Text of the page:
(a) This method most often used when property to be valued is unique and isn't expected to generate income.

(b) Because replacement cost represents value of brand-new asset, adjustments may be made to reflect depreciation on property before its donation.

5. Subsequent sales.

(a) Often, charities that have no immediate use for donated property sell property and use sales proceeds for charitable endeavors. Although sale price of donated asset is not conclusive evidence of fair market value, IRS and the courts generally find it very persuasive.

(b) Indeed, new reporting requirements for certain contributed property sold within two years of gift show how probative Congress finds that information.

B. Form 8283: Appraisal summary.

C. Form 8282: The "tattle tale" form.

D. Appraisals.

1. What must be appraised?

(a) Property gifts (other than money and publicly traded securities) if claimed or reported value of property exceeds $5,000. To deter­mine whether $5,000 threshold crossed, only part of gift claimed as charitable deduction counts. Thus, if land worth $25,000 is placed in charitable remainder unitrust, appraisal requirements apply only if charity's remainder interest more than $5,000 and donor claims income tax charitable deduction.

(b) What is "qualified appraisal"?

(i) Qualified appraisal can be done any time from 60 days before donation up until due date (including extensions) for return on which donor reports or claims gift; post-donation appraisals are okay.

(ii) Regulations require qualified appraisal to give following information:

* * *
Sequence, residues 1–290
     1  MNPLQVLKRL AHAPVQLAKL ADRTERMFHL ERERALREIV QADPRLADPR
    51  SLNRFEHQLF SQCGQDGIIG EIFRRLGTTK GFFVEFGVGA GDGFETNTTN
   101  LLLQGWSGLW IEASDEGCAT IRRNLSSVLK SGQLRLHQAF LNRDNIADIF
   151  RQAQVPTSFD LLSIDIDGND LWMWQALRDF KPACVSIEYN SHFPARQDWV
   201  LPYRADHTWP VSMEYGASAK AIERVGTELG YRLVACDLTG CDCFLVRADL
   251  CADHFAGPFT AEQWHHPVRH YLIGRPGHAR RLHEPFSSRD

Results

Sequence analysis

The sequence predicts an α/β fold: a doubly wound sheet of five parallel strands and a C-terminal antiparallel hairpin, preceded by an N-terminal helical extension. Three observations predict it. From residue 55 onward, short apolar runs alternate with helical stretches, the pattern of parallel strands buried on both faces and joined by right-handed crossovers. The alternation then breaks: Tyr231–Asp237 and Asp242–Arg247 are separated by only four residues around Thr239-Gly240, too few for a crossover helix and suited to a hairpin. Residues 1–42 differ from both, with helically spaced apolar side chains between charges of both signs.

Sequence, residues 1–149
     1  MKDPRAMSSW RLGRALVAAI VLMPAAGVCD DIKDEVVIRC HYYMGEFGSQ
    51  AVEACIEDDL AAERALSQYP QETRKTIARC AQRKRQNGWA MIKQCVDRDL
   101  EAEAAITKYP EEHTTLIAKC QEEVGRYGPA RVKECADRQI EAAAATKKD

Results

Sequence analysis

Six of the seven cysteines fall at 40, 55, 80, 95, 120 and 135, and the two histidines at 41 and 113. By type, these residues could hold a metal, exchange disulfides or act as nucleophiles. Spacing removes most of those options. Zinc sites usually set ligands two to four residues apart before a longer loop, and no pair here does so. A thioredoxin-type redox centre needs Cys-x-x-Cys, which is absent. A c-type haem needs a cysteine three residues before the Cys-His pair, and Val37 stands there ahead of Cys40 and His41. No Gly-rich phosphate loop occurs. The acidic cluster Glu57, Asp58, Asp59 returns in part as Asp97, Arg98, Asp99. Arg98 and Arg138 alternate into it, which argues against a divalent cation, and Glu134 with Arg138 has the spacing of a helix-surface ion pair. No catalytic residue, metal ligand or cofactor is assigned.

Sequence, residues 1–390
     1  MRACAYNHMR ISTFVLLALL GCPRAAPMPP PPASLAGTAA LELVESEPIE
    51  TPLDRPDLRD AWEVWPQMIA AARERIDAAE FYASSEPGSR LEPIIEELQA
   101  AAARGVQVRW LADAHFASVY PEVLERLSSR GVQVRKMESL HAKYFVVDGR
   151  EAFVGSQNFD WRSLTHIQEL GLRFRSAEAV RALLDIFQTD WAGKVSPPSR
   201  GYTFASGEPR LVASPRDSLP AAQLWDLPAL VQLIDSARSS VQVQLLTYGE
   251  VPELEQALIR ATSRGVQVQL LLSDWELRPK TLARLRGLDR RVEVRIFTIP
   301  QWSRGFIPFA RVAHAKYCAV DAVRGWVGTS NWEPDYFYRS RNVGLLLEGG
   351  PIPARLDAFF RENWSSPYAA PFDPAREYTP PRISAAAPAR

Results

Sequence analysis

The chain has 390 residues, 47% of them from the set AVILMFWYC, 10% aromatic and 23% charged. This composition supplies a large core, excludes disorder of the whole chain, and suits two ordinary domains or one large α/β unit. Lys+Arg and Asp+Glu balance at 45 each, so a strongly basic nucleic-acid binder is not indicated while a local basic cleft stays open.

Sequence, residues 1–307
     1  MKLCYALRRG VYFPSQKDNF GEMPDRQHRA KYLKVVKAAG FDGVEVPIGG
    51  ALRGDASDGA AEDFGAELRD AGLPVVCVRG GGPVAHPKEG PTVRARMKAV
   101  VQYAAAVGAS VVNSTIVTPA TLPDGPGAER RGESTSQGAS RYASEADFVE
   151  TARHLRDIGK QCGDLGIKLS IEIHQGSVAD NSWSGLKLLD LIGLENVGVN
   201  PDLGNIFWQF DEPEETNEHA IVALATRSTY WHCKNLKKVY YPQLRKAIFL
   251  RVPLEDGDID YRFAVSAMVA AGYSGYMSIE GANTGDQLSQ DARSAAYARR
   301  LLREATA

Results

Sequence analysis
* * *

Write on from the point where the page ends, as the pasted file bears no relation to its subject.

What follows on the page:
(A) Description of property in sufficient detail for person who is not generally familiar with type of property to ascertain that appraised item is property contributed.

(B) In case of tangible property, its physical condition.

(C) Date (or expected date) of contribution to donee-charity.

(D) Terms of any agreement or understanding entered into (or expected to be entered into) by or on behalf of donor (or donee) that relates to use, sale or other disposition of contributed property; includes, for example, terms of any agreement or understanding that -

(1) Restricts (temporarily or permanently) donee-charity's right to use or dispose of donated property;

(2) Reserves to, or confers upon, anyone (other than charity or organization participating with charity in cooperative fund-raising) any right to income from donated property or possession of property - including right to vote donated securities, to acquire property by purchase or otherwise, or to designate person having income, possession, or right to acquire; or

(3) Earmarks donated property for particular use.

(E) Name, address and TIN of qualified appraiser (or appraisers) and - if qualified appraiser is a partner in partnership, employee of any person (whether individual, corporation, or partnership or inde­pendent contractor engaged by person other than donor - name, address and TIN of partnership or person who employs or engages qualified appraiser.

(F) Qualifications of appraiser who signs appraisal, including appraiser's background, experience, education, and membership, if any, in professional appraisal associations.

(G) Statement that appraisal was prepared for income tax purposes.

Contact Me

If you think you may require the assistance of Phil Temple in any matter, email (ptemple@mccarthyfingar.com) or phone him (914-385-1028) with any question you may have.